Liberal Democrats Joanne Crotty (?) 147 15.5 +4.5
Majority 50 5.3
Turnout 951 35.0
Labour hold Swing
Blacon Lodge By-Election 18 November 2004
Party Candidate Votes % ±%
Labour Ethel Price 505 62.9 +4.1
Conservative John Burke ? 243 30.3 +6.2
Liberal Democrats 55 6.8 -10.3
Majority 262 32.6
Turnout 803 21.5
Labour hold Swing
Hoole All Saints By-Election 5 May 2005
Party Candidate Votes % ±%
Liberal Democrats Barry Sullivan 765 51.2 -8.6
Labour 496 33.2 +10.9
Conservative 233 15.6 +7.0
Majority 269 18.0
Turnout 1,494 65.0
Liberal Democrats hold Swing
Curzon & Westminster By-Election 27 October 2005
Party Candidate Votes % ±%
Conservative Max Drury 875 63.8 -1.1
Liberal Democrats Allan Stobie 258 18.8 +1.9
Labour Alexandra Tate 238 17.4 -0.8
Majority 617 45.0
Turnout 1,371 41.0
Conservative hold Swing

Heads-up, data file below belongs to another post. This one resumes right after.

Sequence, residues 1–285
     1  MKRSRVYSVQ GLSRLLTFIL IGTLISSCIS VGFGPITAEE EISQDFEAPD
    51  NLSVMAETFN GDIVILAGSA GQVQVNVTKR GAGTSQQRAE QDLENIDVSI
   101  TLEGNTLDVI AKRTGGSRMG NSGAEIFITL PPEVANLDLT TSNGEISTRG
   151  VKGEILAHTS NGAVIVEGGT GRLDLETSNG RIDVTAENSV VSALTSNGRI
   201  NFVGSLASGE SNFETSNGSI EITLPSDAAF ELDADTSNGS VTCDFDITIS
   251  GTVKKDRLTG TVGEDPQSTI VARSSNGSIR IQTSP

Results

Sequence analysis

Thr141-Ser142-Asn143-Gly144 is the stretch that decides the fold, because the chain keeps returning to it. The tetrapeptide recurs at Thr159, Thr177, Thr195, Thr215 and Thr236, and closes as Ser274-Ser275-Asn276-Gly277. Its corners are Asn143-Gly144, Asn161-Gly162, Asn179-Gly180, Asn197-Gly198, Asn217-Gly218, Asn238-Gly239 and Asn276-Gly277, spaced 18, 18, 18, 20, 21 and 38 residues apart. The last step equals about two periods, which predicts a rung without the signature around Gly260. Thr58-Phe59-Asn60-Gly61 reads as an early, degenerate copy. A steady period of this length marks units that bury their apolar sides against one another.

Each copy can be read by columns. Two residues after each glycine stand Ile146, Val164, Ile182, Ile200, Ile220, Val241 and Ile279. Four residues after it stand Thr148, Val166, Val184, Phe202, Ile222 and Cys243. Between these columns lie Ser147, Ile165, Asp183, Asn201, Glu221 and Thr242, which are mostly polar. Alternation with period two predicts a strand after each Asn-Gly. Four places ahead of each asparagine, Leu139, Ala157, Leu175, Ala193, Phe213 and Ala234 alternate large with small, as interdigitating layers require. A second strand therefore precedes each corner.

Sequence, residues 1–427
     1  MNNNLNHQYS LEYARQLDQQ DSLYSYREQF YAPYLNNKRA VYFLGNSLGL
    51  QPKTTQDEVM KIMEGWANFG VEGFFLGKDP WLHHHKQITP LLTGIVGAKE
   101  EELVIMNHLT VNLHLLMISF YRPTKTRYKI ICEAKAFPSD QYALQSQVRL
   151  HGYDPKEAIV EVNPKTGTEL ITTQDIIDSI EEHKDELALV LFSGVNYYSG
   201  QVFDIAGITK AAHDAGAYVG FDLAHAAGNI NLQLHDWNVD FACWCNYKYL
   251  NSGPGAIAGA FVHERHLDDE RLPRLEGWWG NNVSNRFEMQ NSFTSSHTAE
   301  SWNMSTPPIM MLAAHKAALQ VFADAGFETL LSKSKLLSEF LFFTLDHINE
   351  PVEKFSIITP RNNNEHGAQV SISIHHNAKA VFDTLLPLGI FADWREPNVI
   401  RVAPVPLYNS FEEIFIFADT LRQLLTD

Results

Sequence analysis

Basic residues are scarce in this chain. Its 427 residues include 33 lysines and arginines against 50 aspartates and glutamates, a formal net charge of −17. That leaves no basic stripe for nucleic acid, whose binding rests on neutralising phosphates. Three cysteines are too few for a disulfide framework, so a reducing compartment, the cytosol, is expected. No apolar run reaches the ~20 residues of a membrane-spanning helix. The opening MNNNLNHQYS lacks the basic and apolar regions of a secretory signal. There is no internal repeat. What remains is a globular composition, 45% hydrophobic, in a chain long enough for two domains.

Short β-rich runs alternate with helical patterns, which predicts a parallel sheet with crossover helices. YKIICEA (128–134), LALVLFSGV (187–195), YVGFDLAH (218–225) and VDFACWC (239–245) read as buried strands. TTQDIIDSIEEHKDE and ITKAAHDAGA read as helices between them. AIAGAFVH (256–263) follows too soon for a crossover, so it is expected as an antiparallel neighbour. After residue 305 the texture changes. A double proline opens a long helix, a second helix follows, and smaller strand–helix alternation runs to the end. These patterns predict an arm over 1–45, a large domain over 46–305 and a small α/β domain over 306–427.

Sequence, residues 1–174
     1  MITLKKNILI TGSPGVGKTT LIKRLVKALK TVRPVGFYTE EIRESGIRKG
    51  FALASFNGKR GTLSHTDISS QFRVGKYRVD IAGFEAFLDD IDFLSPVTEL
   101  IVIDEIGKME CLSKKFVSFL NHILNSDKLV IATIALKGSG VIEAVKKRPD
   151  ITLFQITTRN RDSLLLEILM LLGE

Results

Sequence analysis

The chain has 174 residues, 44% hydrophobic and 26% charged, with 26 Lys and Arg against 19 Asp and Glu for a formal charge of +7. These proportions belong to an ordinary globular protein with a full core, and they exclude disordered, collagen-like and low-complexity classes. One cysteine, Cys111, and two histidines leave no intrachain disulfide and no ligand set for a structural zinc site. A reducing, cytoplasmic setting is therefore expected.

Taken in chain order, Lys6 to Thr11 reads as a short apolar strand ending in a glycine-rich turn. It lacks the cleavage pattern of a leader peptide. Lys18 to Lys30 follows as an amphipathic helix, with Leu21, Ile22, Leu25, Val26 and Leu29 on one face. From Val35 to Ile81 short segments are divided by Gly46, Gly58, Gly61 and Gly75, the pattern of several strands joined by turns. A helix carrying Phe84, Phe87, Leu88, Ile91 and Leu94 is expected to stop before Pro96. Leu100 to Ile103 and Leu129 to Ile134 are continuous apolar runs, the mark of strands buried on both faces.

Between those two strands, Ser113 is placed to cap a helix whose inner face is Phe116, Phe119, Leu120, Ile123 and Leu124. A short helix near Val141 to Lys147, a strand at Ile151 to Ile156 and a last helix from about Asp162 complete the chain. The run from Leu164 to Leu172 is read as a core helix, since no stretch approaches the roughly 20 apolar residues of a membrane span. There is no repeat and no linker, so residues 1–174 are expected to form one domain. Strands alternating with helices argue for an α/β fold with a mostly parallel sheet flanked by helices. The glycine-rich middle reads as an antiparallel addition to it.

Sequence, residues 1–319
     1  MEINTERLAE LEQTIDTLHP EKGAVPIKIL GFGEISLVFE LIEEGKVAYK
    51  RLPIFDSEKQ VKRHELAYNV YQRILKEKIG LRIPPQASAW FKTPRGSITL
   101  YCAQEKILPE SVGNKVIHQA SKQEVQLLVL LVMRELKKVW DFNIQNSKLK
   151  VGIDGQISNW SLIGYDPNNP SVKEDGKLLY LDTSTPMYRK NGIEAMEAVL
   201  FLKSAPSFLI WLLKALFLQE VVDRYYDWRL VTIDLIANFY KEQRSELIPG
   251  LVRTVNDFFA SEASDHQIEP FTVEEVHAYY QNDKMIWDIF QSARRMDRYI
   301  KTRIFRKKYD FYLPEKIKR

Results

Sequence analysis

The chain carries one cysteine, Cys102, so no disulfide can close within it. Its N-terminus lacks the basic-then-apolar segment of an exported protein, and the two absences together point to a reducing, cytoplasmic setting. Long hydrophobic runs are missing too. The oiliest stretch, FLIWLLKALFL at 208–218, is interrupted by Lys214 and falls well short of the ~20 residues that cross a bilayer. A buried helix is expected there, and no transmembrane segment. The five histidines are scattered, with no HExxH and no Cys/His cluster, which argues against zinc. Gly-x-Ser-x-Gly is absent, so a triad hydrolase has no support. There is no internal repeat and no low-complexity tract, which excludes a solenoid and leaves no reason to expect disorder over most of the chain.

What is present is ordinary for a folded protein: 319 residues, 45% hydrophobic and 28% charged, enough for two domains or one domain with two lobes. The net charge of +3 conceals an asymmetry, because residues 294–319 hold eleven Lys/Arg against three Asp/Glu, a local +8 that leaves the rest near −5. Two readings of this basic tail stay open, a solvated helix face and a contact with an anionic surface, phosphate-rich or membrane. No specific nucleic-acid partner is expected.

Newton St. Michaels By-Election 26 October 2006
Party Candidate Votes % ±%
Conservative Adrian Walmsley 518 41.9 -0.1
Liberal Democrats Molly Hale 497 40.2 +8.1
Labour Alex Black 197 15.9 -2.9
Green Diana Wilderspin-Jones 24 1.9 -5.2
Majority 21 1.7
Turnout 1,236 46.2
Conservative gain from Liberal Democrats Swing

References

  1. ^ a b Local government in England and Wales: A Guide to the New System. London: HMSO. 1974. p. 35. ISBN 0-11-750847-0.
  2. ^ OPCS Key Population and Statistics 1992
  3. ^ "The English Non-metropolitan Districts (Definition) Order 1972", legislation.gov.uk, The National Archives, SI 1972/2039, retrieved 6 September 2022
  4. ^ "The English Non-metropolitan Districts (Names) Order 1973", legislation.gov.uk, The National Archives, SI 1973/551, retrieved 6 September 2022
  5. ^ "District Councils and Boroughs". Hansard 1803–2005. Parliament of the United Kingdom. 28 March 1974. Retrieved 3 September 2022.
  6. ^ "Crown Office". London Gazette (46303): 6485. 31 May 1974. Retrieved 6 September 2022.